From my latest Inc. column: “Giant corporations such as Google and Microsoft are like cities full of relatively anonymous people: You don't actually expect to see anyone you know as you walk around. Going to lunch on either campus is like going to the cafeteria at a huge university. The other 2,000 students seem nice, but you don't know most of them well enough to sit with them. Meanwhile, a typical lunchtime at my company is like Thanksgiving dinner: There's a big meal you get to share with a bunch of people you know and like.”
You’re reading Joel on Software, stuffed with years and years of completely raving mad articles about software development, managing software teams, designing user interfaces, running successful software companies, and rubber duckies.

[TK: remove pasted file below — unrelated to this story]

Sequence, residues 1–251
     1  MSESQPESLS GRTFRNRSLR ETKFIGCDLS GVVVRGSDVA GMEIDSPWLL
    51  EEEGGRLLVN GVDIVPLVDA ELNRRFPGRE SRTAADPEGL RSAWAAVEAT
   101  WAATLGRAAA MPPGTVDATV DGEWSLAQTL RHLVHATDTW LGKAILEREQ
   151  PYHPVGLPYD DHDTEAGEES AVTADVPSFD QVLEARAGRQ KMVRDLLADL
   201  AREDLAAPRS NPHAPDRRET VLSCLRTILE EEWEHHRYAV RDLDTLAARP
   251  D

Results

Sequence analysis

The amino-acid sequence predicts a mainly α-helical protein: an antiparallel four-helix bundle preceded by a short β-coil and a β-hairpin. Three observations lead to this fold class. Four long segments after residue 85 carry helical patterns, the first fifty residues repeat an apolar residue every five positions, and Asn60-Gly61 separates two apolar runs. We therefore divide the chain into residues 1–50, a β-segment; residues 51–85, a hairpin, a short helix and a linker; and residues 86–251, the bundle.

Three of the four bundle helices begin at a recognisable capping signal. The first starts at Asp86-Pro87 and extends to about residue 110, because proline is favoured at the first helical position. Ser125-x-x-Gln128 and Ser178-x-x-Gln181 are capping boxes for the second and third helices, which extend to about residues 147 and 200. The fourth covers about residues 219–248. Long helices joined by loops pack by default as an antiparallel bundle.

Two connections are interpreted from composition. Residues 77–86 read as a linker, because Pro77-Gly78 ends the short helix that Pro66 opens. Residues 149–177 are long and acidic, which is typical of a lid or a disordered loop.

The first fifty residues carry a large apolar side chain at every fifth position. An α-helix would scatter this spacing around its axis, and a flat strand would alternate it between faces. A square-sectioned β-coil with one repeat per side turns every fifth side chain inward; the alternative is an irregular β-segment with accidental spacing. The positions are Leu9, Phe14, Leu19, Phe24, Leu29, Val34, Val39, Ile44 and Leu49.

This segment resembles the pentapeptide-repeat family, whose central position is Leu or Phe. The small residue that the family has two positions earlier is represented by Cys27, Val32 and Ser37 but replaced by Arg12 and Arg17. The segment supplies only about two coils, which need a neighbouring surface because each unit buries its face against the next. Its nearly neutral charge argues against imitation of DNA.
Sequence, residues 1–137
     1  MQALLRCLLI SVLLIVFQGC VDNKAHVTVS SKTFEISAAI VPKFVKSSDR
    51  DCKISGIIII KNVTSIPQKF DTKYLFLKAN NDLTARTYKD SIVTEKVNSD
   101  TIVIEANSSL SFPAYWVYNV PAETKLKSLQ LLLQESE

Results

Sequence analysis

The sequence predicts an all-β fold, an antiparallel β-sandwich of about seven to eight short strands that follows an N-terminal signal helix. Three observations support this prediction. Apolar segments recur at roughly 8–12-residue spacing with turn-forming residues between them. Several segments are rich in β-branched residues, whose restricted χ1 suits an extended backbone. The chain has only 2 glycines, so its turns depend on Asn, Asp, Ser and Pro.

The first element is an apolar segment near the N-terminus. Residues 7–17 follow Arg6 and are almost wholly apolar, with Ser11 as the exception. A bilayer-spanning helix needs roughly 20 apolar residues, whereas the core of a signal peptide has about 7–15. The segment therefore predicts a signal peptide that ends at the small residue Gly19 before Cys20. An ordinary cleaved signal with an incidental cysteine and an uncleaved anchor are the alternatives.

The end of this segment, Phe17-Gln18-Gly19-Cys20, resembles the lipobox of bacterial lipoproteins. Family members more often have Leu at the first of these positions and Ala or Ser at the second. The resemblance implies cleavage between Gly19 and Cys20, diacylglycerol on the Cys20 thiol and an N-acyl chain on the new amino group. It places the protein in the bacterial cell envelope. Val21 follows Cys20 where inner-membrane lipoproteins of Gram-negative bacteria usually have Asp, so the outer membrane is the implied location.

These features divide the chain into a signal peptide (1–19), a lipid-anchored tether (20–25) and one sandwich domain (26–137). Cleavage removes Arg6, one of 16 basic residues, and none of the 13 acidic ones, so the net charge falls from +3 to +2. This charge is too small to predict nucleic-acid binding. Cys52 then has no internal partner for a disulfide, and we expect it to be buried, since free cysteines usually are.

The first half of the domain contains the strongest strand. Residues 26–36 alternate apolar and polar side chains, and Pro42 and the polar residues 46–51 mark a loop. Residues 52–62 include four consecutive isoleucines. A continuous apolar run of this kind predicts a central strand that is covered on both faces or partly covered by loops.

I’m Joel Spolsky, co-founder of Fog Creek Software, a New York company that proves that you can treat programmers well and still be highly profitable. Programmers get private offices, free lunch, and work 40 hours a week. Customers only pay for software if they’re delighted. We make Trello, which lets you organize anything, together, FogBugz, enlightened issue tracking software for bug tracking, and Kiln, which provides distributed version control and code reviews. I’m also the co-founder and CEO of Stack Exchange. More about me.